As a natural outcome of program incentives, physicians and other health care providers are motivated to deliver more services as a means to increase Medicare fee-for-service (FFS) payments. Chronic overtreatment, and the resulting overpayment, has led Medicare into its current financial crisis.
Medicare’s private insurance plans, Medicare Advantage (MA) plans, offer a fixed-cost payment to cover the monthly care of those seniors enrolled. As a result, care providers are incentivized to minimize ineffective and costly services. While Medicare Advantage plans are more cost-efficient than the former in some areas, the opposite holds true in others.
Research conducted by the American Enterprise Institute for Public Policy Research in their seven-page report published in February of 2012, Competitive Bidding Can Help Solve Medicare’s Fiscal Crisis, concludes that competitive bidding, a key feature of the bipartisan Wyden-Ryan reform proposal, could significantly reduce cost and elevate value.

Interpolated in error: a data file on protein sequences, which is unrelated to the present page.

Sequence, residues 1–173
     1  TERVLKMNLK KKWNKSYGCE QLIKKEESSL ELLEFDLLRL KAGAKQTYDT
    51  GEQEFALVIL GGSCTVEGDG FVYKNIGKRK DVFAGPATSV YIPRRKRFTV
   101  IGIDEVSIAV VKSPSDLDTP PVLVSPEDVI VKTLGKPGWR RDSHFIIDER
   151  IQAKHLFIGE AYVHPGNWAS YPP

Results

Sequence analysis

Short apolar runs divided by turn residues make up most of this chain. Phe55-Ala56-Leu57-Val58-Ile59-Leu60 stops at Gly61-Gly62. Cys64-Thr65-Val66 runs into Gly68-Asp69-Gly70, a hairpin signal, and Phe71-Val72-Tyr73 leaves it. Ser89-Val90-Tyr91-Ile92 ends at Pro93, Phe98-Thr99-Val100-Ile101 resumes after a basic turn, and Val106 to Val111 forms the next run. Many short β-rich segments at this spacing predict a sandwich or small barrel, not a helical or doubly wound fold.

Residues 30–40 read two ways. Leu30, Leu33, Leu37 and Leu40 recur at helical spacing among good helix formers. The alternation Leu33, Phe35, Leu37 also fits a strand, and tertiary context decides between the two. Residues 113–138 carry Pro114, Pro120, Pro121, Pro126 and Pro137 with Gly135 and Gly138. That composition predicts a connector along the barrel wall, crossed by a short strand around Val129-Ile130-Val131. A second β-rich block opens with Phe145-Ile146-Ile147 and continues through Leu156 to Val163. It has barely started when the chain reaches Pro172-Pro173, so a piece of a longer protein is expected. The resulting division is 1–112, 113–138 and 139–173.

In a competitive bidding scenario, both Medicare FFS and Medicare Advantage plans would submit bids for standard benefits offered in each market area. Government payment would be established at a rate equal to each area’s lowest or second lowest bid. An adjustment would be made to account for enrollee health risk within each plan. Out-of-pocket premiums would then be mandated for beneficiaries who opt to enroll in a high-bid plan, while low-bidders would enjoy increased enrollment.
This report concluded that:
- The cost savings attainable through competitive bidding could solve Medicare’s financial crisis.
- Medicare could save as much as $339 billion over the course of 10 years, keeping premiums stable for most seniors and avoiding tax increases.
- While 33 percent of beneficiaries could see a $40 monthly increase in payments, this could be avoided by switching to a more competitively priced plan.
- Buffering strategies could be used to minimize the impact of abrupt payment changes and to assist with affordability for low-income beneficiaries.
To read or download the full brief, click here (PDF).